The 8th Cohesion Report presents the main changes in territorial disparities in the EU over the past decade and how EU and national policies have affected those disparities. The full report is available here.
One in three people in the EU live in a region that lost population between 2010 and 2020
Rural and non-metro regions have been shrinking
Natural population change is the main source of population reductions
At the EU level, positive net-migration (2.2 per 1000) compensated for negative natural population change (-0.3 per 1000). Looking by urban-rural regional typology and geographic region shows that natural change was negative or close to zero in all types of regions, except north-western urban regions. Net-migration was positive in all types of regions except eastern rural and intermediate regions. This highlights that the main source of regional population reductions is negative natural change. The two interactive maps below show that regional negative natural change is far more common than negative net migration: three out of four regions experience negative natural change compared to one out of four for negative net migration.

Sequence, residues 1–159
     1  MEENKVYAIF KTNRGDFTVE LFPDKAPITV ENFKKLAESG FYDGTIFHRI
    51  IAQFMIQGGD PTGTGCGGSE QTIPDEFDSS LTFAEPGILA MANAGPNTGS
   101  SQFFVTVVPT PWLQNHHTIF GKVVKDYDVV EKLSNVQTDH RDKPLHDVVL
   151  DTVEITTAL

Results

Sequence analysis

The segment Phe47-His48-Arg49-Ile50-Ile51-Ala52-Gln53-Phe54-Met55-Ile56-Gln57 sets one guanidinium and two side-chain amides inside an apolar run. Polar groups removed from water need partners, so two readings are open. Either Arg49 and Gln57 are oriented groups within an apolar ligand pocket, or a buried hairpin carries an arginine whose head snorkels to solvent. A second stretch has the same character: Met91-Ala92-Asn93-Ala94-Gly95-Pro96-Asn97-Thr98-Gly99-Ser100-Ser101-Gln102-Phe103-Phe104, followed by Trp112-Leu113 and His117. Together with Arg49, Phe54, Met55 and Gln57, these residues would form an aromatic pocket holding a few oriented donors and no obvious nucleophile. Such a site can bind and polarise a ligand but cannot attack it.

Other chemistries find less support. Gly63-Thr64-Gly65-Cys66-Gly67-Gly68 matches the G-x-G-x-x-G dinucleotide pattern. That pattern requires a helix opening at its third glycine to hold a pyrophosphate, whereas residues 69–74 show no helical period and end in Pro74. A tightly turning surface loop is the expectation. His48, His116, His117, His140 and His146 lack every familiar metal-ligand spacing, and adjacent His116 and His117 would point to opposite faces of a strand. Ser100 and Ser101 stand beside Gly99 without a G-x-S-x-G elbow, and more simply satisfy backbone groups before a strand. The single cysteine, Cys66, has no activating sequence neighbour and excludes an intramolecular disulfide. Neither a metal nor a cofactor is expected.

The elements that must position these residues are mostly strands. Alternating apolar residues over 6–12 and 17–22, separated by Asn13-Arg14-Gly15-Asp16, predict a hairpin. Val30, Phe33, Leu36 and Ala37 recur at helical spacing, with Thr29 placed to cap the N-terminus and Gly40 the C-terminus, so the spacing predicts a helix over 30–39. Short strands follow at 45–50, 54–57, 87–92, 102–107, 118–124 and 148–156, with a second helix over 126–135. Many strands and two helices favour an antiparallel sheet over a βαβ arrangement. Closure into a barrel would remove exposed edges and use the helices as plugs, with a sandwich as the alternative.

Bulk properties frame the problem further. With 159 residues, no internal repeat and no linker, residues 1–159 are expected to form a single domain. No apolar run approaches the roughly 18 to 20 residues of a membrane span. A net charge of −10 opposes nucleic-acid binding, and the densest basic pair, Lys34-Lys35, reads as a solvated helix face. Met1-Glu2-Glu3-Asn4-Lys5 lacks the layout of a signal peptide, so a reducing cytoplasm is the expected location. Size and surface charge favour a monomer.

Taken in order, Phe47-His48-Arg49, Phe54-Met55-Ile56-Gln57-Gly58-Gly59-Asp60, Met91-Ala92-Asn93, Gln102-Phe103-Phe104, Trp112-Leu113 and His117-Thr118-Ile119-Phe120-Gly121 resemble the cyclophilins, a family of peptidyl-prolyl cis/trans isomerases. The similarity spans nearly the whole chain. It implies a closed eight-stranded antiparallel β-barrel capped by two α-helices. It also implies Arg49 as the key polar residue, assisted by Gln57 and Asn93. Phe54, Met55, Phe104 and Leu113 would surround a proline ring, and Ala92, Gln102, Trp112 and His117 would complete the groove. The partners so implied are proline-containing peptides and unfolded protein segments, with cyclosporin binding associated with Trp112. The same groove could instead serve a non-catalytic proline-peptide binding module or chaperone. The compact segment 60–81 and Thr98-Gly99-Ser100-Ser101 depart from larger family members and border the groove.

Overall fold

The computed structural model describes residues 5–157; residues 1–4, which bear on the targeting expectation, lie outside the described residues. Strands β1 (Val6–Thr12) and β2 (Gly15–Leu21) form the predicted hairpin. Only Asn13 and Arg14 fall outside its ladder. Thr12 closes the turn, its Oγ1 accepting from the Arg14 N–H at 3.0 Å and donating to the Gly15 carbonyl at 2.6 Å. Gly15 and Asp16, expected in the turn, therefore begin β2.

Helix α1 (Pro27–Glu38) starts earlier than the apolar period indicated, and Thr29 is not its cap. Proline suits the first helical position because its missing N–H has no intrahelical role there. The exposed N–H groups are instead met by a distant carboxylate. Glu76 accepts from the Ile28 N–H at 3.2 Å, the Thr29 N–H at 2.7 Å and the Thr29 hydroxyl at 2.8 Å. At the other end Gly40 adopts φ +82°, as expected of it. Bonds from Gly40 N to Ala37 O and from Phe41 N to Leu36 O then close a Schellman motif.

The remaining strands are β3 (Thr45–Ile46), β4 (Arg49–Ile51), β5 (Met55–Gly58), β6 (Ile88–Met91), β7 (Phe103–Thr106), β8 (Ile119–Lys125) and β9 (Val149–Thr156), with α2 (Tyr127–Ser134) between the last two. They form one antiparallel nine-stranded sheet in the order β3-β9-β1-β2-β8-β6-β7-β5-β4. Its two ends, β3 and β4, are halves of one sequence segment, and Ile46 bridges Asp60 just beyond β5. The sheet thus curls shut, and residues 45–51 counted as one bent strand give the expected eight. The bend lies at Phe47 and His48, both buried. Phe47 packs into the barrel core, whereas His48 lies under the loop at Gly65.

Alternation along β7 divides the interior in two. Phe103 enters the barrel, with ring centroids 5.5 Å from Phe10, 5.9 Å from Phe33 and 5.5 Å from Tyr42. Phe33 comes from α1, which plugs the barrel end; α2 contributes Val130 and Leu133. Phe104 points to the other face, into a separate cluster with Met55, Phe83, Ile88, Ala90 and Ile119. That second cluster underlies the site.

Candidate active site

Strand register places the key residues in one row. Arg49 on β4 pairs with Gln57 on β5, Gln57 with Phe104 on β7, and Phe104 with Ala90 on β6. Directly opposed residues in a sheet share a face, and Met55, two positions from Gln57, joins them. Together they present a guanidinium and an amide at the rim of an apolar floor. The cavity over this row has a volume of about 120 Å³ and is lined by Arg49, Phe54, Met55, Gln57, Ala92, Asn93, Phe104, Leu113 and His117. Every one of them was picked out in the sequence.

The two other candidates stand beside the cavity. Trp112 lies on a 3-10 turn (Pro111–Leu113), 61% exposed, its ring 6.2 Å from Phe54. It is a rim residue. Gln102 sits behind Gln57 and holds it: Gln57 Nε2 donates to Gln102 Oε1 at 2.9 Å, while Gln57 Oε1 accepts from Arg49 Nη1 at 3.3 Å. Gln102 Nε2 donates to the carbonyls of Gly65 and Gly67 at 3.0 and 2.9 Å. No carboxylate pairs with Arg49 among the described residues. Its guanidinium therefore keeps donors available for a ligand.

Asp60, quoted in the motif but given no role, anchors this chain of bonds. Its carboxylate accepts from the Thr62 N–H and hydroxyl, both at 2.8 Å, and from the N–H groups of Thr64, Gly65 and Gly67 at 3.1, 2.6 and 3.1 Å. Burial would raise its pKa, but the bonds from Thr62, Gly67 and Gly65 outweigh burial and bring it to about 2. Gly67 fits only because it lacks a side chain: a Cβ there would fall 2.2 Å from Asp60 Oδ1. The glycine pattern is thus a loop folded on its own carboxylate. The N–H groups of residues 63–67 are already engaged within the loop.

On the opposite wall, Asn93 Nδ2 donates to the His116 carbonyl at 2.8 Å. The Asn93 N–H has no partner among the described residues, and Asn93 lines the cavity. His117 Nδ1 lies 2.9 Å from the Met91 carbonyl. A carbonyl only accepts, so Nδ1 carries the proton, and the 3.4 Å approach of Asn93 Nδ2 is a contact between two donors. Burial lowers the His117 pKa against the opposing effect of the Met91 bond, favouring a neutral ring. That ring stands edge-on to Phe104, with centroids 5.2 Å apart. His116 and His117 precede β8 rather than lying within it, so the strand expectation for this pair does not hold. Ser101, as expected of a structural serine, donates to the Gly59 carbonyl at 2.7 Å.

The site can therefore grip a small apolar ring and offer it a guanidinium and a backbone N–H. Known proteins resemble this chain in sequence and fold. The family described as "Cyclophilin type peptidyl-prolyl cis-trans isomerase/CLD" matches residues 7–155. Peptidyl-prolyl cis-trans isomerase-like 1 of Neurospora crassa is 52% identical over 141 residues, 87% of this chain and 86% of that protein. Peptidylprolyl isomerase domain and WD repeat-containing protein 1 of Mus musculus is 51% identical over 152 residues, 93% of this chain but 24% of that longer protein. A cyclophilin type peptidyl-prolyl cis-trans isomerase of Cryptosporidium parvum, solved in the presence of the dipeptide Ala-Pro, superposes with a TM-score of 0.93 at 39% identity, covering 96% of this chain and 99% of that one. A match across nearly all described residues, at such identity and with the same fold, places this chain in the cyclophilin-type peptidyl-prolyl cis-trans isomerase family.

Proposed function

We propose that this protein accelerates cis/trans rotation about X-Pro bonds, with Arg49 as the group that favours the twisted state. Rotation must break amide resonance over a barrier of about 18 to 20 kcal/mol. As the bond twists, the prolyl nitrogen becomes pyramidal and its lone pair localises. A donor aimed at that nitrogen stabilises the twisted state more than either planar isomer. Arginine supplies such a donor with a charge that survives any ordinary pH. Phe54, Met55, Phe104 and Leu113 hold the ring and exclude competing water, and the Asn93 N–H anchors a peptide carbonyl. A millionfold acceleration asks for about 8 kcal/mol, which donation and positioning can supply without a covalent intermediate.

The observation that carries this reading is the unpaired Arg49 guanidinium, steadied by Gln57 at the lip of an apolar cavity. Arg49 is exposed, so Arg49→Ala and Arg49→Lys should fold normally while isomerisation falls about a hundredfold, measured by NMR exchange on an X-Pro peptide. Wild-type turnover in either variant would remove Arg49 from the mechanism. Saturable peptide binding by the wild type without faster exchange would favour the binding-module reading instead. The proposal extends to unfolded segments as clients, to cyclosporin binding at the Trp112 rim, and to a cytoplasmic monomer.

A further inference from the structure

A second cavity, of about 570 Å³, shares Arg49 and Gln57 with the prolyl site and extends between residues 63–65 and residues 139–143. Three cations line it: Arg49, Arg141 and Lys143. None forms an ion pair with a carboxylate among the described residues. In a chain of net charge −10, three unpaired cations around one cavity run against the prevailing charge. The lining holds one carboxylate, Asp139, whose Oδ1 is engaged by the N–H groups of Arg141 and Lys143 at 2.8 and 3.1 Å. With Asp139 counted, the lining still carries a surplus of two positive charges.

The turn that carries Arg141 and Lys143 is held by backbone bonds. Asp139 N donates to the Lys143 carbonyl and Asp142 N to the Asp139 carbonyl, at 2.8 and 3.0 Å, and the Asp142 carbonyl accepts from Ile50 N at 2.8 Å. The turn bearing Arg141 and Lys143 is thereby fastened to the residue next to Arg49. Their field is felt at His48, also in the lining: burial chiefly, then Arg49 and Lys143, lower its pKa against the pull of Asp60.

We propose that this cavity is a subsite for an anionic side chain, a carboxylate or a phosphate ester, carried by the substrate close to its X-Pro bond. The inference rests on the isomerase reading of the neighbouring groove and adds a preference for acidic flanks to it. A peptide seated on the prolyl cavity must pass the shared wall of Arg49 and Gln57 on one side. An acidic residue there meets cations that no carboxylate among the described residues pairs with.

An ageing baby boom leads to population reductions and more people aged 65 and over
Fewer young and working age people and more people 65 and over by 2030
- The full Cohesion report and supporting materials (including the data) is available on this webpage.
- EUROSTAT webpage on population statistics at regional level - explained